Without a doubt 2014 was the year of the pour a bucket of water over your head then nominate your friends to do the same challenge, or the ice bucket challenge as many like to call it. There is no doubt that it raised the profile for Amyotrophic Lateral Sclerosis (ALS) in the USA and Motor Neurone Disease Association in the UK. Indeed MND Association usually received around £200k a week in donations, when the challenge when viral between 22-29 August they received £2.7m and Water Aid saw a spike in donations including £47k in one day, so a pretty successful charity fundraising campaign.
But in 2015 is that the right way for charity fundraising to look for the next ‘pour a bucket of water over your head then nominate your friends to do the same challenge’? I think not and certainly research shows that charities would be better advised to spend time and money on using social media to raise the brand profile and longer term awareness for the cause. If you really wanted to find the next ‘pour a bucket of water over your head then nominate your friends to do the same challenge’ then you risk alienating older supporters by assuming only the young use social media and we can see this as many charites that are failing to keep up with trends that see more under 25s using Instagram and Snapchat, leaving the ‘traditional’ Facebook and Twitter.
There can be no doubt that the ‘pour a bucket of water over your head then nominate your friends to do the same challenge’ raised profile for the charites concerned and there can also be no doubt that the vast majority of charities will not experience a viral craze like this. Indeed if anything that has come out of this is that social media has the power to build a brand, raise awareness and reach new audiences that you previously wouldn’t be able to engage.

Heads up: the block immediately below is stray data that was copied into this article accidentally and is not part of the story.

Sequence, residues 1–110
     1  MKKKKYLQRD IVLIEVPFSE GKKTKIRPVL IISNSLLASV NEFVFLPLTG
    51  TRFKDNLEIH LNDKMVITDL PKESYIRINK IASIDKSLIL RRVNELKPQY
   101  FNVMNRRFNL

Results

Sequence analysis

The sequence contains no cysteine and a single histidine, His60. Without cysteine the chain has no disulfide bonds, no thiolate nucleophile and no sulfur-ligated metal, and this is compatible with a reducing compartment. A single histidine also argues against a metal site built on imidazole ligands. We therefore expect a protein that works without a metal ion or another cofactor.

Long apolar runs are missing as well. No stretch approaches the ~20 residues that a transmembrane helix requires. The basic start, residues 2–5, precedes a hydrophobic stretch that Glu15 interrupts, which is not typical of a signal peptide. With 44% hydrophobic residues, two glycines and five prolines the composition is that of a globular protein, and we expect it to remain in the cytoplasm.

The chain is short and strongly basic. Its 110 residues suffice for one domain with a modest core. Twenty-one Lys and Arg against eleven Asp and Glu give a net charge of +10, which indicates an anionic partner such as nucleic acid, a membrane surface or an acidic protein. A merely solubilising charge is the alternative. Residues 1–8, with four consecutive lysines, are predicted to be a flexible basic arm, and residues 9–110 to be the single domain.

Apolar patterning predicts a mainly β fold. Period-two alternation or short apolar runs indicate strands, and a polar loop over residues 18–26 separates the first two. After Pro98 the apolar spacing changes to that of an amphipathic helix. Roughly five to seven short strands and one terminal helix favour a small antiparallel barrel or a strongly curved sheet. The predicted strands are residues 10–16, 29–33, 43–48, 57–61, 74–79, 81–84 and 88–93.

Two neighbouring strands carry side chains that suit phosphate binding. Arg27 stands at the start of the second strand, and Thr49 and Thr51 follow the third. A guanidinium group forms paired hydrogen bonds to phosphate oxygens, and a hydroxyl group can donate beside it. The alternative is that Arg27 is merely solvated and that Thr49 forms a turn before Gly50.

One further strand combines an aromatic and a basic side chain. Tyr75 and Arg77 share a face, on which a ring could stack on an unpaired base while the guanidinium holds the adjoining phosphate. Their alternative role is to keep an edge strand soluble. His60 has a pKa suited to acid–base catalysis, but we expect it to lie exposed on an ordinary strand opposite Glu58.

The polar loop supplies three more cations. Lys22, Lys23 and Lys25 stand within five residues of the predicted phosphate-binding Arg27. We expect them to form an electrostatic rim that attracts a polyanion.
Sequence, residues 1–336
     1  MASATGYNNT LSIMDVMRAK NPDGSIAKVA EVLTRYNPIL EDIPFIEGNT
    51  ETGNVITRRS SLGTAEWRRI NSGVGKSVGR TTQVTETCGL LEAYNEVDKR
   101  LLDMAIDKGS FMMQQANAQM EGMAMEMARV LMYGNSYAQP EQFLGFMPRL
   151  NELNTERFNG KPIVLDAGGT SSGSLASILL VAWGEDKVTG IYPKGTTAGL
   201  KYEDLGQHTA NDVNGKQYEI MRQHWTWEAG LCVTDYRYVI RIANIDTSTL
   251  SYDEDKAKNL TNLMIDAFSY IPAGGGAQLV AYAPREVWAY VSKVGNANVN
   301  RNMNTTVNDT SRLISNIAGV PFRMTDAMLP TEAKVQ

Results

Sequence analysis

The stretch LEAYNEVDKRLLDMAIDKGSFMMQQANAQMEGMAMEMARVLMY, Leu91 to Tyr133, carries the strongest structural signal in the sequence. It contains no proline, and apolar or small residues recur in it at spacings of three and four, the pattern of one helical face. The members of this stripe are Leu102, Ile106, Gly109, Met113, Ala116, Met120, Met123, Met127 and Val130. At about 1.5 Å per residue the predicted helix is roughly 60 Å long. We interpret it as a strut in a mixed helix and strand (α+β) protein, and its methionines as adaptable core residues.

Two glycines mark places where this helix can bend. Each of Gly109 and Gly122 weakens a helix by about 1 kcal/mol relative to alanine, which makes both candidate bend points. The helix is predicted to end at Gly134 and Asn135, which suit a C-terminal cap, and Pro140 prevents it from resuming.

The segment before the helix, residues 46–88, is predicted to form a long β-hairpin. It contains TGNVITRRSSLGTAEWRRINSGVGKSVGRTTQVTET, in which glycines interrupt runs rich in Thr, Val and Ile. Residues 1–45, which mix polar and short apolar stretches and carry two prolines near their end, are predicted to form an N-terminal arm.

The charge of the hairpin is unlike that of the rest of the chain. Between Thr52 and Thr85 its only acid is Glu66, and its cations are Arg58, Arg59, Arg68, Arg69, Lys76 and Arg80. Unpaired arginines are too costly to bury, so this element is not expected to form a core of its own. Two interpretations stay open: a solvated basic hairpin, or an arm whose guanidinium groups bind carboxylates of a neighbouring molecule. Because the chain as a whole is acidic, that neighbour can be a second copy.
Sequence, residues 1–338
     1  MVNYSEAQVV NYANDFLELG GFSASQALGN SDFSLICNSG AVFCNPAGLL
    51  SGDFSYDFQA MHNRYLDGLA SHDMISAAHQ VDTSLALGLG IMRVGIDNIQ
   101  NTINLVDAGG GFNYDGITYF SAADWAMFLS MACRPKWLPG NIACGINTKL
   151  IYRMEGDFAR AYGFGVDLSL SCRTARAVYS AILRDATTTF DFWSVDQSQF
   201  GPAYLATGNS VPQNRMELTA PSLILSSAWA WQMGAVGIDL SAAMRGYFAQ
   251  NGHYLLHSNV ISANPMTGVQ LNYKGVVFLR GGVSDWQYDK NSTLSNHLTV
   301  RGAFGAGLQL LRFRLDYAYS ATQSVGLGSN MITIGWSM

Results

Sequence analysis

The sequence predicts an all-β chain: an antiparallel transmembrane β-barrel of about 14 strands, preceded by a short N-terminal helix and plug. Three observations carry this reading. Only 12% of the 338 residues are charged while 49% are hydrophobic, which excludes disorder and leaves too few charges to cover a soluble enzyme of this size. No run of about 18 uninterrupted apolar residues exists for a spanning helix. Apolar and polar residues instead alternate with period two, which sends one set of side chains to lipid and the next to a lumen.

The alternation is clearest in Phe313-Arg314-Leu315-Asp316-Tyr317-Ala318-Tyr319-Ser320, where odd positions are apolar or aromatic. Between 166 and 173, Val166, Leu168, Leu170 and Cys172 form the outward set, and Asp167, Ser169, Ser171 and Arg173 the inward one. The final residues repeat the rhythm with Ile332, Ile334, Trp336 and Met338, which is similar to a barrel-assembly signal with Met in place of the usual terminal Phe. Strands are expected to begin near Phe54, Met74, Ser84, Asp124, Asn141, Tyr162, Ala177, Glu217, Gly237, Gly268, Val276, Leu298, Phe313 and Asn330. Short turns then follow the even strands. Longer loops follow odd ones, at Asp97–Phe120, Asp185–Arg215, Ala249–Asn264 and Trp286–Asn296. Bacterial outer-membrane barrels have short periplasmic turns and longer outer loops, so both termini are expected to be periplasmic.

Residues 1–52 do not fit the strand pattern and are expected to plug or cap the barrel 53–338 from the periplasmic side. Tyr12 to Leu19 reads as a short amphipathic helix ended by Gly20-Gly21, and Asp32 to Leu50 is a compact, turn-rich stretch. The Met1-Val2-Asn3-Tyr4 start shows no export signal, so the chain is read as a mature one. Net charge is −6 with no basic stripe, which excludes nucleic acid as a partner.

We have seen an explosive growth in the use of Social Media by charities, in the 20+ seminars we’ve run across the South West in the last 4 years the questions that started with how do I setup a twitter account (early 2011) are now more likely to be about facebook insights or social management platforms and there is no doubt that the results are overwhelmingly positive. We do still see a real confusion over where a charities audience is, what platform and how to the engage as well as the thought that social media is just the preserve of the young – it isnt!